sun 22/07/2018

10 Questions for Musician Malcolm Middleton | reviews, news & interviews

10 Questions for Musician Malcolm Middleton

10 Questions for Musician Malcolm Middleton

The Scottish songwriter talks music, books, musicals, Brighton and much else

Malcolm Middleton: 'I don’t do unique'

Malcolm Middleton (b.1973) is a Scottish singer-songwriter whose music has a devoted fanbase. Instead of the faux-vulnerable, non-specific, sub-Jeff Buckley flannel touted by many of his contemporaries and younger peers, Middleton’s work is grounded in the physical grit of the everyday, boasting a social realism underpinned by mordant humour and, often, heartbreaking emotion.

Middleton first came to the attention of music fans as a member of pithy indie observational duo Arab Strap with Aidan Moffat. By the time they wound down in 2006, he had already launched a solo career defined by literate, downbeat indie/acoustic songs. He released five albums in this vein then changed musical direction, swerving into the more abstract, experimental Human Don’t Be Angry project. In 2014 he made the foul-mouthed, funny Music and Words album with the artist David Shrigley, and in 2016, after a seven-year break, he released a new solo album, Summer of ’13, only this time bedded in his own brand of off-kilter electro-pop.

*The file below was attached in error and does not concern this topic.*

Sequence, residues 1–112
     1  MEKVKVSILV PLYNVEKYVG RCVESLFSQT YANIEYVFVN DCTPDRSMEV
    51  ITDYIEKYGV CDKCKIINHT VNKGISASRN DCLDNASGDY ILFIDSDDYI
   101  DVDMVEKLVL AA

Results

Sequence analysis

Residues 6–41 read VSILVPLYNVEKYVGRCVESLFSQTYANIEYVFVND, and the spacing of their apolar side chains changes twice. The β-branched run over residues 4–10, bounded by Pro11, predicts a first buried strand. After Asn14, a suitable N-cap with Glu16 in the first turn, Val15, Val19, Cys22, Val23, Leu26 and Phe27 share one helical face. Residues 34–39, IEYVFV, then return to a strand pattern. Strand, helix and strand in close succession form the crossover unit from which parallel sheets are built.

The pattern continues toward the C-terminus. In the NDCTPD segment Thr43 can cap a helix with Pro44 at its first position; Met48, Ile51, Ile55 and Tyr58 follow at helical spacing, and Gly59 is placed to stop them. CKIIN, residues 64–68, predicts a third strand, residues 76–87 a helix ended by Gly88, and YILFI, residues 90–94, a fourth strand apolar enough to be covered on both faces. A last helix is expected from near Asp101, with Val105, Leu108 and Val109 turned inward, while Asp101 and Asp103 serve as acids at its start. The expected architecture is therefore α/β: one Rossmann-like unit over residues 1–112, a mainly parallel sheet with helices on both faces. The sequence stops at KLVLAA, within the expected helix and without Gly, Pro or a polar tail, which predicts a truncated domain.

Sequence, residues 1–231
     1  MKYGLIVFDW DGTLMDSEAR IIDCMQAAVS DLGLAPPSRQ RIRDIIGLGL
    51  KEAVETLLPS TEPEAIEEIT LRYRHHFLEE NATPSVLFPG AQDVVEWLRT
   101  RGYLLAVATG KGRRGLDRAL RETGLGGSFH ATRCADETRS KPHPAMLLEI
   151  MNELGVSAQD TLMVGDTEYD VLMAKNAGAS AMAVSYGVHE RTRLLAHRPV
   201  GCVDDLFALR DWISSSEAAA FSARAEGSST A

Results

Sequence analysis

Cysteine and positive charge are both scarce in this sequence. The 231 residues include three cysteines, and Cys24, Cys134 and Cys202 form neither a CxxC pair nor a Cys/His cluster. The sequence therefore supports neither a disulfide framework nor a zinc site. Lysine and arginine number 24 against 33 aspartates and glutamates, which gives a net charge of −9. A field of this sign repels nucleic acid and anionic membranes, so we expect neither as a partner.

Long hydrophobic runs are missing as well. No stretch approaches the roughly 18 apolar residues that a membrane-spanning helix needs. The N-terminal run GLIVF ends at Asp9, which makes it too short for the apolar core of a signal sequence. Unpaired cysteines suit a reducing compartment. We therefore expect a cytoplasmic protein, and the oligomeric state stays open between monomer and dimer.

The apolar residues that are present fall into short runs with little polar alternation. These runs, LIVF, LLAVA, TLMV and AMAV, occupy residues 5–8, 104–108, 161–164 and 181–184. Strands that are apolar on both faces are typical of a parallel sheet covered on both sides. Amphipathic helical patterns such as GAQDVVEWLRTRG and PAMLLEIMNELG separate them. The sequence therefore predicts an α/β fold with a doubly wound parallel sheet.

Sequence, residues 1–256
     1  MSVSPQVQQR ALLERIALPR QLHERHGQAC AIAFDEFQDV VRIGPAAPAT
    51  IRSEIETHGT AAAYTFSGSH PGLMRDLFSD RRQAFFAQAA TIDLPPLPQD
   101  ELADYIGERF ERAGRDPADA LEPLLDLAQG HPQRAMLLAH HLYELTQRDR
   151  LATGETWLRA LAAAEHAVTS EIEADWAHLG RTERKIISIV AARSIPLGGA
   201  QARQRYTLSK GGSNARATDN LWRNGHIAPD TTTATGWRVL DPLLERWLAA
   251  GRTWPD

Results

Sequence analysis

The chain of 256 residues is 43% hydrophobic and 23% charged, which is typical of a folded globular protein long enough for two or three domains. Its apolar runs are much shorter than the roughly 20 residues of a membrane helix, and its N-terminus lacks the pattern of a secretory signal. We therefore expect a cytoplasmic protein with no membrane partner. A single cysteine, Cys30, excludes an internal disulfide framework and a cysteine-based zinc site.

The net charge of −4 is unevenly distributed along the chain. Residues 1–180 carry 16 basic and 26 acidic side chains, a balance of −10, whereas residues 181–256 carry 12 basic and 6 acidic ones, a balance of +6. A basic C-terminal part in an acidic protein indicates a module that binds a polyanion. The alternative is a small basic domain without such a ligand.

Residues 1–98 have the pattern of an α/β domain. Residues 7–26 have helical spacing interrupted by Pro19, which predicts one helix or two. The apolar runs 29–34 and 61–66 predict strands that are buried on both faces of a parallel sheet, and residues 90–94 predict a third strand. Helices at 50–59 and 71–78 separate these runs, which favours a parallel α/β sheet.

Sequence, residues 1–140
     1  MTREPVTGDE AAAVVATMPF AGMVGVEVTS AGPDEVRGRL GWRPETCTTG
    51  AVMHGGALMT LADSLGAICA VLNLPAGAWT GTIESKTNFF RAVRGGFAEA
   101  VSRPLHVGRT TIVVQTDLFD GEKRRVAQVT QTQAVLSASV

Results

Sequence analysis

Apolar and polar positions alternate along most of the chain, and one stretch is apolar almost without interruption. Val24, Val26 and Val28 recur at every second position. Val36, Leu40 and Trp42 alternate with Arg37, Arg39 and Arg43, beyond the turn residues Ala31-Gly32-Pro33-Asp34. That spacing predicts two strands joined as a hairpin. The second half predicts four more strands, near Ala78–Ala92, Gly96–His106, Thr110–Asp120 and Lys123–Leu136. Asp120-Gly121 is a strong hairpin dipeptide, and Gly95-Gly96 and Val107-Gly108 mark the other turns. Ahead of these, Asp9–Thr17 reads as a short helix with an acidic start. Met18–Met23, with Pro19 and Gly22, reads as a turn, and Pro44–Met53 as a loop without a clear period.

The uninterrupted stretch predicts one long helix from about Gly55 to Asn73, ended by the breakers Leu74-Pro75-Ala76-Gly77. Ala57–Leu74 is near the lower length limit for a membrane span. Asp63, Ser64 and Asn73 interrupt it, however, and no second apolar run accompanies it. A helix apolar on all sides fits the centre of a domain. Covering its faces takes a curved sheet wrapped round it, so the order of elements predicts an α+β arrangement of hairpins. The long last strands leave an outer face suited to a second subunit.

Shrigley is guest director of this year’s Brighton Festival and has invited Malcolm Middleton, one of Britain’s most talented but undersung songsmiths, to perform a rare solo set on Thursday 24 May. To celebrate this coup, theartsdesk caught up with him, snowed in at home in Anstruther, Fife. His first words were these: “As long as there are no questions about music we’ll be fine.”

Listen to "The Ballad of Fuck All" by Malcolm Middleton

THOMAS H GREEN: Are you and David Shrigley friends?

MALCOLM MIDDLETON: We did the album in 2014 but we’ve been mates for longer. He did the artwork for my album A Brighter Beat in 2007 (pictured below right) so we’ve known each other since then. I originally got in touch with him because I liked one of his photographs and wanted to use it for an album cover. I emailed him and he came round. The plan was to do a new piece for the album cover and we tried a few things but I wasn’t really into them so we went with the balloon image.

beatWhat are your plans for the Brighton Festival show?

It won’t be anything unique. I don’t do unique. He’s asked me to come down and play an acoustic show of my songs.

I thought you’d knocked acoustic shows on the head?

Did I say that? I probably did. I think that was back in 2009-10. I got a bit sick of it so I did some Human Don’t Be Angry stuff and the David Shrigley record, then I did my half-electronic album a couple of years ago, so I certainly knocked it on the head for a while, but in the last year I’ve been picking up the guitar a bit more and enjoying it. Saying that, I’m just going into the studio to record a new album which is song-based, but apart from this Shrigley thing in Brighton I’m not really into the idea of playing the songs live too much. Sitting on stage with an acoustic guitar doesn’t really thrill me. Even though I’ve done the record I’m not too much into doing live stuff.

But on a practical level isn’t that how you earn money?